On December 28, 2007, a similar class action complaint, James Conn, et al. v. Merrill Lynch & Co., Inc., et al., filed in the U.S. District Court for the Southern District of New York, docket number 07-CV-11626, was filed on behalf of those who exchanged securities of First Republic Bank for securities of Merrill Lynch in connection with a merger. According to the complaint, the action was brought in violation of Sections 11, 12a(2) and 15 of the Securities Act of 1933. On March 12, 2008, this action was consolidated into the lead action, docket number 07cv9633. According to the complaint for this action, in late 2006 and early 2007, Merrill Lynch approached First Republic bank about a possible merger. On January 29, 2007, after a period of negotiations, Merrill Lynch announced that it had reached an agreement to acquire First Republic, subject to shareholder approval, for a total transaction value of $1.8 billion. Under the agreement, First Republic shareholders would receive at their election, cash or Merrill Lynch common stock having a value of equal to $55.00 for each share of First Republic common stock owned at the completion of the Merger. The aggregate consideration would be paid with 50% cash and 50% Merrill Lynch common stock. To obtain approval from First Republic’s shareholder, Merrill Lynch filed the Registration Statement dated May 8, 2007, as amended on June 8, 2007 and June 21, 2007, which became effective on June 22, 2007, and the Proxy Statement and Prospectus dated June 22, 2007. Unfortunately, the Registration Statement and Proxy/Prospectus were materially false and misleading because, inter alia, they: a. failed to disclose and hid the fact that Merrill Lynch was overexposed to risky subprime loans, to the sum of billions of dollars; b. failed to disclose and hid the fact that Merrill Lynch had begun to accumulate a massive directional position in one of the riskiest types of collateralized debt obligations (CDOS), ABS CDOs; c. failed to disclose the risks of these CDOs, including the belief of Merrill Lynch’s own credit analysts that ABS CDOs were structurally deficient and would suffer in price as the underlying collateral deteriorated; and d. failed to disclose and hid the fact that Merrill Lynch did not properly value the CDO positions on its balance sheet. After receiving approval from the First Republic shareholders, the Merger was completed on September 21, 2007. However, just weeks after the Merger was completed, and contrary to the representations in the Registration Statement and Proxy/Prospectus, and the oral communications made in the conference call of July 17, 2007, Merrill Lynch’s true exposure to subprime loans and CDOs began to emerge. On October 24, 2007, before the market opened, Defendants issued a press release acknowledging that Merrill Lynch’s third quarter writedown for CDO and subprime lending losses had ballooned to $7.9 billion. On November 2, 2007, The Wall Street Journal ran an article indicating that Merrill Lynch’s exposure to CDOs was even greater than Defendants had acknowledged, noting that Merrill Lynch would likely take an additional $4 billion in writedowns in the fourth quarter related to its CDO portfolio. The article also stated that the SEC had started an informal inquiry into how the company had marked its mortgage securities and whether it had lied to investors regarding the size of its positions. That same day, Deutsche Bank AG analyst Michael Mayo issued a research note stating that Merrill Lynch may have to take an additional $10 billion in writedowns related to its CDO and subprime exposure. The news was devastating to First Republic’s former shareholders, who had just exchanged their valuable shares for Merrill Lynch stock. Based on the September 21, 2007, closing date, Merrill Lynch stock was trading at approximately $75.00 per share. Thus, First Republic shareholders received approximately 0.7332 shares of Merrill Lynch stock for each share of First Republic stock. However, by November 2, 2007, after Merrill Lynch’s massive CDO exposure had been revealed, the Merrill Lynch shares obtained through the Merger had plummeted to $57.28, a 23% drop, and are presently trading at less than $55.00 per share.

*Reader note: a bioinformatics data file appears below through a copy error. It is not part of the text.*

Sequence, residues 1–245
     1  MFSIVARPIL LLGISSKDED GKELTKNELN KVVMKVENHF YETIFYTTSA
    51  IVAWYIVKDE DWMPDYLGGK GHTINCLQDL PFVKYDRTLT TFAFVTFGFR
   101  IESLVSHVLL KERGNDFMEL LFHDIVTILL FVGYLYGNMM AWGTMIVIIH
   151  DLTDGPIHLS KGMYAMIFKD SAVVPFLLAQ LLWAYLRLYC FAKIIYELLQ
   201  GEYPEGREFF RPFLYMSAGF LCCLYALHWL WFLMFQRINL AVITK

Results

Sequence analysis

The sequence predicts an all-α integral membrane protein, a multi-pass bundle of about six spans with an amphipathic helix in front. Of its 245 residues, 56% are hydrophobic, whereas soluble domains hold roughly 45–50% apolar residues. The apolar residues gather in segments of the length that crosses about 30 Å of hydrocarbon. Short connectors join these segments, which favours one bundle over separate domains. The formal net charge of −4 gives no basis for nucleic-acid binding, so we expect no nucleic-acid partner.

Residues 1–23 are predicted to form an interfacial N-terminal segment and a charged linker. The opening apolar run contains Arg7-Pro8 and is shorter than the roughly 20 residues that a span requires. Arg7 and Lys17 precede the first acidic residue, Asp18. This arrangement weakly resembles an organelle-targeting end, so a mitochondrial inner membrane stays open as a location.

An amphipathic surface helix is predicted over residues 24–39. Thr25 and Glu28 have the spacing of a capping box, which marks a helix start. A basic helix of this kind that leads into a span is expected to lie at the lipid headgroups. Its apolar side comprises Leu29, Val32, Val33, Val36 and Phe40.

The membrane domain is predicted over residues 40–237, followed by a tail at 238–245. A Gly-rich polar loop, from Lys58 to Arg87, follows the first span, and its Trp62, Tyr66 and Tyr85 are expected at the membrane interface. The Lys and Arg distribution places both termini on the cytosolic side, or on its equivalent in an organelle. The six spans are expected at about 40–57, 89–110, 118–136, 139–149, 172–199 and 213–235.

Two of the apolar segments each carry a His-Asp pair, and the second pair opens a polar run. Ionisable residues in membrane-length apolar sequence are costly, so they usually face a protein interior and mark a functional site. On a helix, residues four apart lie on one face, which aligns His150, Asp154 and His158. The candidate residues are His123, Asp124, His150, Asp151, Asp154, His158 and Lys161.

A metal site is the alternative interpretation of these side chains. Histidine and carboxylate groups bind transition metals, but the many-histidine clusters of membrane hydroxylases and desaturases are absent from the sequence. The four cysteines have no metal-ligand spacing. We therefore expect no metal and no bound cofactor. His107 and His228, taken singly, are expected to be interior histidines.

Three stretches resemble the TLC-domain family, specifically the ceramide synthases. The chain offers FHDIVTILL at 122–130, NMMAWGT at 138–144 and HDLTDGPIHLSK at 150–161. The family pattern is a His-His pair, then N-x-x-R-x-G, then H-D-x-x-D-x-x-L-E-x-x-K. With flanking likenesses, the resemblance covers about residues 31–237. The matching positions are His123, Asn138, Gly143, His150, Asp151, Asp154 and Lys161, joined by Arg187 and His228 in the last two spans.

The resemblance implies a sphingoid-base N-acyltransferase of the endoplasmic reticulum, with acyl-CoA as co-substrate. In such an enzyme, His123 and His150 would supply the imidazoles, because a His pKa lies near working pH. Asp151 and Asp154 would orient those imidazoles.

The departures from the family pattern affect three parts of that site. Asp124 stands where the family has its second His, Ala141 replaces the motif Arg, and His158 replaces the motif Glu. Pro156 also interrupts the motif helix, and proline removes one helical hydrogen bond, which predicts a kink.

On March 12, 2008, Judge Leonard B. Sand signed the Order consolidating several Securities Action in into the docket number 07cv9633 (LBS)(AJP)(DFE) for all purposes including, but not limited to, discovery, pretrial proceedings and trial. Ohio STRS is appointed Lead Plaintiff in the Securities Action for the proposed class of persons and entities who purchased or otherwise acquired Merrill Lynch securities. Ohio STRS' choice of co-lead counsel is approved. Accordingly, the law firms of Kaplan Fox & Kilsheimer LLP, Berger & Montague, P.C. and Barrack Rodos & Bacine are appointed co-Lead Counsel for the Securities Action. Judge Sand also consolidated Derivative Actions into docket number 07cv9696 and consolidated ERISA Actions into docket number 07cv10268, appointing co-lead counsels in each. According to the Order, he docket in 07cv9633 (LBS)(AJP)( DFE) shall constitute the Master Docket for the Securities Action, Derivative Action and ERISA Action, and every pleading filed in the Securities Action, Derivative Action and ERISA Action shall bear the following caption, In Re Merrill Lynch & Co., Inc. Securities, Derivative And ERISA Litigation.